The Seeds of Kings — Mike Ogden — 14th September 2016

The title only gives a hint of the sub­ject. What we were offered was a learned and com­plex break­down of the British mon­archs, from the time of Alfred the Great 871 through the ages to our cur­rent royals, rep­res­en­ted by Her Majesty Queen Elizabeth II and her family. Mike Ogden per­formed an amaz­ing jour­ney in one hour or so, a remark­able per­form­ance.

The main theme he was stress­ing was the con­tinu­ation of Alfred’s blood line, from that point until now with occa­sional acknow­ledge­ments to actual his­tor­ical facts from par­tic­u­lar reigns. Beginning with the Normans, fol­lowed by the Plantagenets, Lancastrians, Yorkists, Tudors, Hanoverians and finally the Windsors. From William I, Battle of Hastings 1066, he didn’t do much to endear him­self and his fol­low­ers to the native English. Henry II, the law maker and organ­iser, murdered Archbishop Becket in Canterbury Cathedral, which was not a good move. King John, a cruel, vicious tyrant known for the Magna Carta. Richard III, uncle to the Princes in the Tower and killed at the Battle of Bosworth. Henry VII the first of the Tudors and father of Henry VIII with his six wives and the dis­sol­u­tion of the mon­as­ter­ies. Queen Elizabeth I and the Spanish Armada. James I of England and VI of Scotland. Charles I who was beheaded during the Civil War. Protectorate Oliver Cromwell fol­lowed by Charles II whose reign was known for the Plague, the Fire of London, Samuel Pepys, Wren, and Newton. The Glorious Revolution which lead to William and Mary, then Queen Anne. The Georges and their prob­lems with Charles Stuart, the Young Pretender and the Battle of Culloden. Later the Napoleonic Wars finally settled at the Battle of Waterloo. Queen Victoria and her hus­band Albert over­see­ing the Industrial Revolution and the Great Exhibition. Their chil­dren were mar­ried amongst the royal fam­il­ies of Europe, lead­ing us to the Royal House of Windsor, cre­ated during WW1 etc.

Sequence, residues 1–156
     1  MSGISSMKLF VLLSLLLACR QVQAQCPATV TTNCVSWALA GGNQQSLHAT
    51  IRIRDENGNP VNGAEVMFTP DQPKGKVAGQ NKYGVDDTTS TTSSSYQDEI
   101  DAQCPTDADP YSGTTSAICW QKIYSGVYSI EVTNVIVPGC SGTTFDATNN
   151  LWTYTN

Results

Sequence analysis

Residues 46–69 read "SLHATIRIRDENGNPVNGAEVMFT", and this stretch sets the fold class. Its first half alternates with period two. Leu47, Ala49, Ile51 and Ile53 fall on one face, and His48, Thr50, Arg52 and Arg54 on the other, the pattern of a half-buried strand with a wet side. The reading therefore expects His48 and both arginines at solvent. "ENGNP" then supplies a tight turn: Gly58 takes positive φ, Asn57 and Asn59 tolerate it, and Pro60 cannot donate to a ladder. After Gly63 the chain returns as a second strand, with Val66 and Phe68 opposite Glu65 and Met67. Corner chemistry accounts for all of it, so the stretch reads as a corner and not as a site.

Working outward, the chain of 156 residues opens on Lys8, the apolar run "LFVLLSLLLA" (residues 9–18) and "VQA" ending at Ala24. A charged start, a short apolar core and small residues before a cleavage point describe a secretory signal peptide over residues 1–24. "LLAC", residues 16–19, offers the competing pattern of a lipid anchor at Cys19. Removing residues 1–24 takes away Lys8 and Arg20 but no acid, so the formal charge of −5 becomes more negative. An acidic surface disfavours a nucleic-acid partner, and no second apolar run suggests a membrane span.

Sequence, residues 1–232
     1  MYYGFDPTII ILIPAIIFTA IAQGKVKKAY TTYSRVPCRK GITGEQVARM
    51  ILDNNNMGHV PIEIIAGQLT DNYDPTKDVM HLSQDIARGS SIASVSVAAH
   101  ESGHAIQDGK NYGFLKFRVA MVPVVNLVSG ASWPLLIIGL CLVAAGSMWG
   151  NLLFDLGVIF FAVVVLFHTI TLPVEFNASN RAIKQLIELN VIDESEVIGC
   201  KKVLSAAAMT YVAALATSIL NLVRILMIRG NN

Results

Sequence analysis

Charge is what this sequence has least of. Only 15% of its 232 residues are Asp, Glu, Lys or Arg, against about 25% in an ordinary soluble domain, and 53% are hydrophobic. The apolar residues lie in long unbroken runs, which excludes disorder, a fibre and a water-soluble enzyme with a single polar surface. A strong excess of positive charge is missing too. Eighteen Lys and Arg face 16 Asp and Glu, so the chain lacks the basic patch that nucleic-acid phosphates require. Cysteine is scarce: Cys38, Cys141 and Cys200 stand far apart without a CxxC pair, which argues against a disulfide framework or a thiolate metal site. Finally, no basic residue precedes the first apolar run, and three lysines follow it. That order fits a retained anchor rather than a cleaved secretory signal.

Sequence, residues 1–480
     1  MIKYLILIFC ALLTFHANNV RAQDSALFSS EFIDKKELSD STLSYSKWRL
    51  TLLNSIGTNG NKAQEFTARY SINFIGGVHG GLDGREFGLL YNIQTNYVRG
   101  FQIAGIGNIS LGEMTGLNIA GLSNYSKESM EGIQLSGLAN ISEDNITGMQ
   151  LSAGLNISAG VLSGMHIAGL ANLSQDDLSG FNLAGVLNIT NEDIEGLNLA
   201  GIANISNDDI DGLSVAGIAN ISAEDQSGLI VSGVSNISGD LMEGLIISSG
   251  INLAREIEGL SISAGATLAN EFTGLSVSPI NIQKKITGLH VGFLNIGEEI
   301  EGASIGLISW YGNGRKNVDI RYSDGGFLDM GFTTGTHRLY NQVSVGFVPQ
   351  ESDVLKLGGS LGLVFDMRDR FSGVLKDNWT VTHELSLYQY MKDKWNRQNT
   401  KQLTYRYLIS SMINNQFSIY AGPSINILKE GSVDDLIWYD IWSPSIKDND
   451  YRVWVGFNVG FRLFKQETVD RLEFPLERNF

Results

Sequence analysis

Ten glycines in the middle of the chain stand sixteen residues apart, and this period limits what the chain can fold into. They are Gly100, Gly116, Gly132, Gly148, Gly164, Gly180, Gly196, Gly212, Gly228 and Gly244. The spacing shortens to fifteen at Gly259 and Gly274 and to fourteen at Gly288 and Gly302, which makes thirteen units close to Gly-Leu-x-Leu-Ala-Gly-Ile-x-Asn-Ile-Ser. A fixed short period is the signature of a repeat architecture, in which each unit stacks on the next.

Mike Ogden referred to the lib­eral scat­ter­ing of ‘royal seed’ over the cen­tur­ies so that many of us may well be second cous­ins, so to speak.

From here on in the mon­archy is enter­ing unknown ter­rit­ory. Our Queen has adap­ted well to par­lia­ment­ary demo­cracy and has built up good rela­tions with gov­ern­ment and former mem­bers of the colon­ies as a recon­struc­ted inde­pend­ent Commonwealth of Nations under her lead­er­ship. These are volat­ile times and one won­ders what is to come.

On another matter, lists of Kings and royal houses reminds me of a dis­cus­sion I had with some teach­ers of his­tory. My grand­son was taking his GCSE exams a few years ago and the his­tory syl­labus was ‘The Romans in Britain’, ‘Scientists in the Georgian Period’ e.g. Jenner and the small­pox vac­cin­a­tion, and finally ‘Hitler and Germany.’ All you might think very laud­able study items. My point was, what went on in the inter­ven­ing years – noth­ing? I appre­ci­ate it is not pos­sible to cover all peri­ods but surely at least and under­stand­ing of royal dyn­asties would have provided some sort of frame­work to hang events upon. I didn’t get very far with the argu­ment, I’m afraid, but the point is still rel­ev­ant.